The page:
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Saturday, March 19, 2011

Concert Review: The Doors of Perception

Esa-Pekka Salonen conducts Bluebeard's Castle
Esa-Pekka Salonen. Photo by Nicho Södling.
If Friday night's concert at Avery Fisher Hall is any indication, the three-week marriage of the New York Philharmonic and Finnish maestro Esa-Pekka Salonen is proving to be an effective match. Friday evening featured Béla Bartók's one-act opera Bluebeard's Castle, which presents a French fairy-tale marriage in stark, 20th century terms.

Under the baton of Esa-Pekka Salonen, the New York Philharmonic gave its audience a thrilling performance of this one-act, symbolist opera. As the tension built, the audience was perched on the edge of their seats, held in the grip of the drama of Bluebeard and his latest wife, Judith, and her exploration of the dark reaches of his castle. With help from a strong cast and an effective light show, Mr. Salonen made the opera not a horror story, but an exploration of the complexities of marriage and the dark depths of the male and female psyches.

Bartók started work on Bluebeard's Castle in 1911, but the work took a decade to find its way to the stage. His sole opera combines heavy, Wagnerian orchestration with clever use of woodwinds and unique textures that can only be described as "Bartókian." The libretto is based on the 1901 play Ariane et Barbe-bleu by Maurice Maeterlinck, which was  first set as an opera in 1907 by the composer Paul Dukas.

Mr. Salonen was blessed with a strong cast, considering that there are just two characters and a narrator (played by film actor Richard Easton.) Judith was sung by mezzo-soprano Michelle DeYoung. She rose to the occasion, pulling off the climactic high C that Judith hits at the midway point of the opera, and gave a convincing portrayal of fear and dread despite the formal evening wear and the concert setting.

As Bluebeard, bass Gábor Bretz displayed fine Hungarian diction throught. But he sounded slightly overmatched in the early pages of the opera, battling huge, dissonant chords as the doors of his keep are opened to reveal a torture chamber, armaments, and a garden. Mr. Bretz found his voice at the opening of the fifth door, singing with noble tone through the final pages of the opera. He was firm and resonant in Bluebeard's final peroration to his wife, and chilling in the final bars.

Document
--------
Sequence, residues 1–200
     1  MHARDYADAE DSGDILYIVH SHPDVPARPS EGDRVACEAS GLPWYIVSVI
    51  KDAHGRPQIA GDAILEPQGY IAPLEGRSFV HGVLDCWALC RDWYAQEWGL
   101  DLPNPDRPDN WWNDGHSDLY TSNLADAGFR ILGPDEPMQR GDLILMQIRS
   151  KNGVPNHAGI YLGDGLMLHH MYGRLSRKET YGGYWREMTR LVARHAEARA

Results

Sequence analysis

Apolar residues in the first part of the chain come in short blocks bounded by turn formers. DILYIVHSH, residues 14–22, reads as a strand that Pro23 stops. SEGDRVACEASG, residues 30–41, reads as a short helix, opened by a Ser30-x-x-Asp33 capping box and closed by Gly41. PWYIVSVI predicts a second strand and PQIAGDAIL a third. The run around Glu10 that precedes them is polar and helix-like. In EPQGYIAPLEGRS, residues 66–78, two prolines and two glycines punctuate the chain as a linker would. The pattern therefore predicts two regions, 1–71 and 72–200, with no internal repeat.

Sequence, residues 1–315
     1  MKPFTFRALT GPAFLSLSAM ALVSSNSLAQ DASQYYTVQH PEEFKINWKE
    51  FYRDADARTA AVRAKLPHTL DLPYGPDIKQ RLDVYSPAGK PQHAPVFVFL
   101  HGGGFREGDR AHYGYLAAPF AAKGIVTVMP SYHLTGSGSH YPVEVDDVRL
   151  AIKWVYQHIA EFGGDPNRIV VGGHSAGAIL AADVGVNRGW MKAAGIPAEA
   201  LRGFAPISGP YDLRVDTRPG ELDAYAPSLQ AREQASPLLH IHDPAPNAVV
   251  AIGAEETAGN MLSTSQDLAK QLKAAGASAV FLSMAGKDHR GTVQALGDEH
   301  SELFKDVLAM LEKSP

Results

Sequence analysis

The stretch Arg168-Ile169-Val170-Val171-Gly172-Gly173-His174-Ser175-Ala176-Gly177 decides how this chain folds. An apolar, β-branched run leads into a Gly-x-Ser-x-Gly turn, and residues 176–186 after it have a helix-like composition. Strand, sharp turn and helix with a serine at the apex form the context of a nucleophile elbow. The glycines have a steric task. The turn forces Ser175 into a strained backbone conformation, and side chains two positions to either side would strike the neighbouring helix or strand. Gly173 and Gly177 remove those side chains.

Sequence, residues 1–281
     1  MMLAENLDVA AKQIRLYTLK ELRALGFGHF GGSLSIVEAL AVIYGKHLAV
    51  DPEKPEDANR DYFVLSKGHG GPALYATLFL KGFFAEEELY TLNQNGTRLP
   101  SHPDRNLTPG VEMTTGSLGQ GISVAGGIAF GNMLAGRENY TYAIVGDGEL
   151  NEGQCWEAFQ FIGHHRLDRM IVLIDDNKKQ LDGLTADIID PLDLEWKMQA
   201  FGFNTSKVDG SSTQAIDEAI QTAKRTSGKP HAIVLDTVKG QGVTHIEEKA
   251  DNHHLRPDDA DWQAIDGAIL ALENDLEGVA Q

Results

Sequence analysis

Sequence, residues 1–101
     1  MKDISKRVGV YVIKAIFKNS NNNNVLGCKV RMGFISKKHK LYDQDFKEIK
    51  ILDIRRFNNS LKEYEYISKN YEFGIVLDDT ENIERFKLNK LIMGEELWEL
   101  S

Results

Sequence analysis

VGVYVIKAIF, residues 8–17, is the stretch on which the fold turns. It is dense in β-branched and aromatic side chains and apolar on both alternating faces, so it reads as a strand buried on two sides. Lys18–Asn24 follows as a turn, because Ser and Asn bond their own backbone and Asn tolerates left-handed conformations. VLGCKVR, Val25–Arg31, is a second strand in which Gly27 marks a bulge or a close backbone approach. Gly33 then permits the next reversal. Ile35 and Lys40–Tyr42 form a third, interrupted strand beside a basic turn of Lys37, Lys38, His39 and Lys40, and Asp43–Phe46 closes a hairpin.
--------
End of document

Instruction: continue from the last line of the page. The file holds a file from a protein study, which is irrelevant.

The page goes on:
Mr. Salonen drew out the beauty in Bartók's score, making the work's most dissonant pages sound appealing. He conducted the work with an ear for detail and a sweeping, late-Wagnerian style that let the complex music bloom in the lush language of the full orchestra.

The Philharmonic players had their share of heroic moments. These included the titanic, hall-shaking brass fortissimo at the opening of the fifth door, and the eerie, mind-bending chords that accompany the opening of the sixth and the revelation of Bluebeard's lake of tears. Colored lights, electronic effects, and one memorable use of the house lights on full blast added to the complex presentation, pulling the Philharmonic audience into the drama.

The opera performance was part of Mr. Salonen's Hungarian Echoes festival, which matches Bartok's music with the 18th century symphonies of Haydn and the modern works of Györgi Ligeti. The evening opened with the latter's Concert Românesc, a playful composition in four movements. The 12-minute concerto featured a bravura violin part played by concertmaster Glenn Dicterow, and a pair of echoing horns in the slow movement, meant to echo the sound of alphorns.

The Ligeti piece was paired with the Seventh Symphony by Franz Joseph Haydn. Nicknamed Le Midi, ("Noon") the work forms the central part of Haydn's "Times of the Day" triptych, which is being programmed throughout the festival by Mr. Salonen. Like the Ligeti work, Le Midi featured a thrilling series of violin solos, adroitly played by Mr. Dicterow. One could stretch the idea that these three symphonies echoed Bluebeard's wives--one for each time of the day, but otherwise it was difficult to see how Le Midi fit into this adventurous program.

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